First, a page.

Serbia declares any unilateral Kosovo independence bid invalid

Serbia's government on Thursday denounced any unilateral declaration of Kosovo's independence as "invalid and void," just days before the breakaway province is widely expected to secede.

Serbia on Thursday denounced any unilateral declaration of Kosovo's independence as "invalid and void," just days before the breakaway province is widely expected to secede.

The Serbian government's strongly worded declaration was issued hours before the United Nations Security Council is to meet in New York to discuss Kosovo.

"Such a [move] would represent a flagrant and unilateral act of secession of a part of the territory of the Republic of Serbia, and is therefore invalid and void," the Serbian government said in a statement.

Meanwhile, Serbian Prime Minister Vojislav Kostunica said his country would not be humiliated by a "puppet" state within the territory of the former republic of Yugoslavia.

The government demanded that the Security Council "immediately annul" any Kosovo declaration of independence and denounced a European Union plan to dispatch a 1,800-member police and judiciary mission to Kosovo.

The 100,000 Serbs living in Kosovo will remain "citizens of Serbia and have the full right not to recognize any illegal declarations of unilateral independence" by Kosovo's Albanians, the Serbian resolution said.

Although the province formally remains part of Serbia, Kosovo has been occupied by UN and NATO forces since 1999, when a 78-day NATO-led air war forced out Serbian troops that were killing and expelling the Albanian majority in a crackdown on separatists.

Serbia wants to keep hold of Kosovo, which it considers the cradle of its medieval statehood and religion.

Serbia declaration 'irrelevant': legislator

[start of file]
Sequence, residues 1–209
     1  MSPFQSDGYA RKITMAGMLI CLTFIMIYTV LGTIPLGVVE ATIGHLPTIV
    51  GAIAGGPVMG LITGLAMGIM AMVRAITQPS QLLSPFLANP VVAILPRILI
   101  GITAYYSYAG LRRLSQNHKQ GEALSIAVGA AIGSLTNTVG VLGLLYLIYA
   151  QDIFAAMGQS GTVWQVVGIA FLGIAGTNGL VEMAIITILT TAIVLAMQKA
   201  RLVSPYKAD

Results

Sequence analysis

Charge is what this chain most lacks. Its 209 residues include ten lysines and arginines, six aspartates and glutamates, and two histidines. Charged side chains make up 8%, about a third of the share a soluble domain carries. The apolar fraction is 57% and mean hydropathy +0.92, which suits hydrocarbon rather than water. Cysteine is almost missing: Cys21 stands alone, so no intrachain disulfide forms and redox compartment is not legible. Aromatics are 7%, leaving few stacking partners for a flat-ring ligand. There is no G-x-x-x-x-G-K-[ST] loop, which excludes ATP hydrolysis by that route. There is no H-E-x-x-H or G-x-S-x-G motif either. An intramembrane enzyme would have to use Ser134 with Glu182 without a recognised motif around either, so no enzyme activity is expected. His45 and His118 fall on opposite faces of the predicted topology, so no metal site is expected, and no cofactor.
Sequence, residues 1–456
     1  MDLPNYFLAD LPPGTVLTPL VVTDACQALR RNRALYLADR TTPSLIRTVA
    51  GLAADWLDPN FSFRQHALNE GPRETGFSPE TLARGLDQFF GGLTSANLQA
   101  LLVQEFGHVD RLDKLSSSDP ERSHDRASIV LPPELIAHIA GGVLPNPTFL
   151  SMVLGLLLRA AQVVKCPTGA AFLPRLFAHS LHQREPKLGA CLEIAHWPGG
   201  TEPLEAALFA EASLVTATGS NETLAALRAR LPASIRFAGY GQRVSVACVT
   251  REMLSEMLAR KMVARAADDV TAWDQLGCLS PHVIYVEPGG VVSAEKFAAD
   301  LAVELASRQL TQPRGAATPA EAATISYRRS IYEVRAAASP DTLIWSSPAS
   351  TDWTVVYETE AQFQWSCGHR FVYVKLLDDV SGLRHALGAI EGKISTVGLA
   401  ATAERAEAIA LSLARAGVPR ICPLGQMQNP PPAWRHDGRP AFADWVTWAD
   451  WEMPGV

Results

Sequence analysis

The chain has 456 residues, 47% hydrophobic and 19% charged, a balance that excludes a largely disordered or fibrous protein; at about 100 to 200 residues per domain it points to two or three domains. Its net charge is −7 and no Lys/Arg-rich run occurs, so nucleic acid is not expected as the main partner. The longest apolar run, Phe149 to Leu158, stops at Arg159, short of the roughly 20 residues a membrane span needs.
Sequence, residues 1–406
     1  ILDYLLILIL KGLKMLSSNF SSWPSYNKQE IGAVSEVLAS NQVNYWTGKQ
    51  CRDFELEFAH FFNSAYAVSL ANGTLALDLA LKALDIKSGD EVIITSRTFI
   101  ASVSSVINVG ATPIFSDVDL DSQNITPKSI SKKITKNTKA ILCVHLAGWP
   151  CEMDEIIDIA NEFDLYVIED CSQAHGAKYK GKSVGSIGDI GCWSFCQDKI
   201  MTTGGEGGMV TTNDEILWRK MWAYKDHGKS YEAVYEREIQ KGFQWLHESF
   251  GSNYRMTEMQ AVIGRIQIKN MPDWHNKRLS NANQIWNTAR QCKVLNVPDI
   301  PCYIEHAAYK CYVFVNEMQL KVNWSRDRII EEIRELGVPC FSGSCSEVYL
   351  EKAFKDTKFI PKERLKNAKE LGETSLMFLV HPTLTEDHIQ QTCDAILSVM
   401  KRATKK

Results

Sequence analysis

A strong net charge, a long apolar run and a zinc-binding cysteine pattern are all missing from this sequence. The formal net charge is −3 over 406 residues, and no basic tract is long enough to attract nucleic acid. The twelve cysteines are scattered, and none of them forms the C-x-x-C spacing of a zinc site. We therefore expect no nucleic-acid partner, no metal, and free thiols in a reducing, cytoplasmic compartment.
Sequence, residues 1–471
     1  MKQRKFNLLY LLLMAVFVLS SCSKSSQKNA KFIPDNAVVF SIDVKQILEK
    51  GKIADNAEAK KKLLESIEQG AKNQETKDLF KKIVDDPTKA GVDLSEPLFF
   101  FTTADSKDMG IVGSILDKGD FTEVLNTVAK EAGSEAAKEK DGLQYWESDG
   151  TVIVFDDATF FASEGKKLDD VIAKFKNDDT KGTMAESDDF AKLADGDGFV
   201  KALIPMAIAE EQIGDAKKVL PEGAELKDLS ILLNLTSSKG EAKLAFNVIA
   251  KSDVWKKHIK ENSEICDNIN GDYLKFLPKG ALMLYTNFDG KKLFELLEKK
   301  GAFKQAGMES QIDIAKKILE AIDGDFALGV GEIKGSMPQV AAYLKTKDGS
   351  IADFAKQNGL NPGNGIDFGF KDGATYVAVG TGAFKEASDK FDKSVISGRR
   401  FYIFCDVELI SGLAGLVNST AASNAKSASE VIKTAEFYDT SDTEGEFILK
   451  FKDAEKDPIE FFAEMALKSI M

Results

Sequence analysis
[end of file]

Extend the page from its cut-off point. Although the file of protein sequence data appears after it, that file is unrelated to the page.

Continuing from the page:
In the provincial capital Pristina, a member of Kosovo's parliament said the Serbian resolution would have no bearing on Kosovo's intention to declare independence.

"What Serbia does is irrelevant," legislator Vlora Citaku said. "Serbia can only invalidate decisions of its own assembly. Kosovo has its own path, and one that is internationally supported."

The U.S. and most EU nations support statehood for the UN-run province, where 90 per cent of the population of two million is ethnic Albanian.

However, Serbia's traditional ally Russia opposes recognizing Kosovo statehood, calling it a dangerous precedent to set for separatists worldwide.

Speaking Thursday, Russian President Vladimir Putin said his government had a "ready-made plan" in case the West recognized Kosovo's declaration of independence, which he dubbed "not moral and not legal." 

With a Kosovo declaration imminent, Serbia already has endorsed its own secret plan to be implemented when the province declares independence.

The plan is believed to include retaliatory steps to keep Serb-populated areas under Belgrade's control — a move that would result in a de facto partitioning of the province.

The plan contains no provisions for military action against Kosovo, now policed by 16,000 NATO troops.

With files from the Associated Press